India is unlikely to achieve its ambitious target to narrow the deficit to 4.5% of GDP by financial year 2025-26 in the absence of more material gains in revenue, according to Moody's Investors Service.
The Union Budget 2023-24 projects a narrowing in the central government fiscal deficit to 5.9% in FY24 from 6.4% in FY23 and as wide as 9.2% in FY21.
Moody's, however, expects continued gradual fiscal consolidation to help stabilise the debt burden. The Budget balances the government's commitment to longer-term fiscal sustainability against its more immediate priority of supporting the economy amid high inflation, weak global demand, and ahead of general elections due by May 2024, Moody's says in a report.
Although changes to the tax regime will forego some income, the budget predicts largely buoyant revenue on robust nominal GDP growth and gains from stronger tax administration, the ratings agency says.
This should avoid a further deterioration in India's debt affordability as debt servicing costs increase on rising interest rates, it adds.
Notwithstanding some improvement in India's fiscal position in recent years, a high debt burden and weak debt affordability remain key constraints that offset the country's fundamental strengths, including high growth potential and deep domestic capital markets, Moody's cautions.
"We expect India's general government debt burden to have peaked at around 90% of GDP in fiscal 2020, up from pre-pandemic levels of about 70% in fiscal 2018. In fiscal 2022, we forecast debt to have fallen to about 85% of GDP, but that remains significantly higher than the Baa-rated peer median of around 55%," the report says.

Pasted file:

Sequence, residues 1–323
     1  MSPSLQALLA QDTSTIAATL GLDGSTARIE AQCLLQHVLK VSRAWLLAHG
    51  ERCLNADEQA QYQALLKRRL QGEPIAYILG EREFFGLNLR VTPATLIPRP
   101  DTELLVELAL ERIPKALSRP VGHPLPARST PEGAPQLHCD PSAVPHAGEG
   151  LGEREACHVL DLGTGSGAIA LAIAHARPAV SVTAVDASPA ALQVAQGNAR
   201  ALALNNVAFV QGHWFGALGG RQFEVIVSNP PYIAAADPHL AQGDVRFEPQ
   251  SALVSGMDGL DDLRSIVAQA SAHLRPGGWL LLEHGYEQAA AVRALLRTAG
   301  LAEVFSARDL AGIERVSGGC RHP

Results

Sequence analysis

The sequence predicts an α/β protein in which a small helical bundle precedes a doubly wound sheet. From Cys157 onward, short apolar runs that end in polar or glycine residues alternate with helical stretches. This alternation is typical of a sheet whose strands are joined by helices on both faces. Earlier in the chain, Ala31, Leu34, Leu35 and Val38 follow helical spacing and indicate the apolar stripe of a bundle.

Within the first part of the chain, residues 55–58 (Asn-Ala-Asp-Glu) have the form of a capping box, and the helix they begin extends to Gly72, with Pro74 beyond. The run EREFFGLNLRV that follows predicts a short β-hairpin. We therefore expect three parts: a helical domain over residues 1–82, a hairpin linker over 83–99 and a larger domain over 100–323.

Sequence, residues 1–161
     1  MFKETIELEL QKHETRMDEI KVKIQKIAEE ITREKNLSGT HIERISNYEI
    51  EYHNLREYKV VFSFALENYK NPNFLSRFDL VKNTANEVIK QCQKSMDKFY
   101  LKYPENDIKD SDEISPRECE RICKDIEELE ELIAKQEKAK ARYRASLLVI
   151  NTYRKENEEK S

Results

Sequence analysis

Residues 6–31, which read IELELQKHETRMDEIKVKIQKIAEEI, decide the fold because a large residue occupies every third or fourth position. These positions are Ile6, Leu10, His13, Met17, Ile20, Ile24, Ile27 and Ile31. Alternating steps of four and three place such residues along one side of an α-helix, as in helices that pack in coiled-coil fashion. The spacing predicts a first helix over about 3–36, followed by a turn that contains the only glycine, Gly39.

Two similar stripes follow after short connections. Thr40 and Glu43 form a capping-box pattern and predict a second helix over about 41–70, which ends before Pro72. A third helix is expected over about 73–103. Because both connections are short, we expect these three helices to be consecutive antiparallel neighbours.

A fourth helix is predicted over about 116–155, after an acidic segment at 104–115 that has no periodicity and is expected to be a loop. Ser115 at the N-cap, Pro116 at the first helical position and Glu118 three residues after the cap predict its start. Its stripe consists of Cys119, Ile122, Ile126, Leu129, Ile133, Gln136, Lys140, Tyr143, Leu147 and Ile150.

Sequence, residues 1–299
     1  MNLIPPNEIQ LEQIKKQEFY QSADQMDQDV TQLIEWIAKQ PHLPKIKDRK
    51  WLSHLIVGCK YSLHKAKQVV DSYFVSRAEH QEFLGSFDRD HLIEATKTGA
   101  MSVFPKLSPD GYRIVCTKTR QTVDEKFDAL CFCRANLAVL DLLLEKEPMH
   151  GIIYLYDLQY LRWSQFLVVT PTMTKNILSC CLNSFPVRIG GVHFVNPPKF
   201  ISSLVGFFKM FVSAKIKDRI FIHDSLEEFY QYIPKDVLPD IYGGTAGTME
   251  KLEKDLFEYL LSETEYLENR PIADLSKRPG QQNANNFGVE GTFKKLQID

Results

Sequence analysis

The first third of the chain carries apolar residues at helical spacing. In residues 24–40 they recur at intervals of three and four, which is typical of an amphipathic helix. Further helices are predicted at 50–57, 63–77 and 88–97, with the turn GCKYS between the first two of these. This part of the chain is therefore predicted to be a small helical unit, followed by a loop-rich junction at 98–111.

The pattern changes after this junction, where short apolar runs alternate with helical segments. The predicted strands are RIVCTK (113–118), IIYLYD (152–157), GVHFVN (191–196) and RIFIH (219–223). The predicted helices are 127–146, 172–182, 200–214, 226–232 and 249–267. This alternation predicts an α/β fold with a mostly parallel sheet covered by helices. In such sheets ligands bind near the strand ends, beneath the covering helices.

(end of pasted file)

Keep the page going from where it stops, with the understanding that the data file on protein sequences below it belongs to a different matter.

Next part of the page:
"The government has largely met its fiscal objectives over the past two years, assuaging concerns on fiscal policy effectiveness given a history of slippage from deficit targets. The budget also provided some reassurance on state finances, capping state deficits at 3% of gross state domestic product, with 0.5 percentage point of that tied to power-sector reform," it says, adding that trends in nominal GDP growth will be key in determining whether the debt burden can materially decline over the medium term.
Budget 2023 is credit positive for renewable energy companies, cement and steel producers, oil marketing companies and automakers in particular, according to Moody's. Continued high allocations toward strengthening the nation's infrastructure are also credit positive for rated cement producer UltraTech Cement and steelmakers Tata Steel and JSW Steel, the ratings firm notes.
The extension of the concessional custom duty of 5% on battery cells until fiscal 2023 will benefit electric vehicle (EV) manufacturers such as Tata Motors, says Moody's, adding that a scrappage policy for old vehicles will also help the company's commercial and passenger vehicle businesses. While Tata Motors' three models have helped it garner a 90% share in India’s lowly penetrated EV market, the company plans to expand its offering to 10 models by fiscal 2025.
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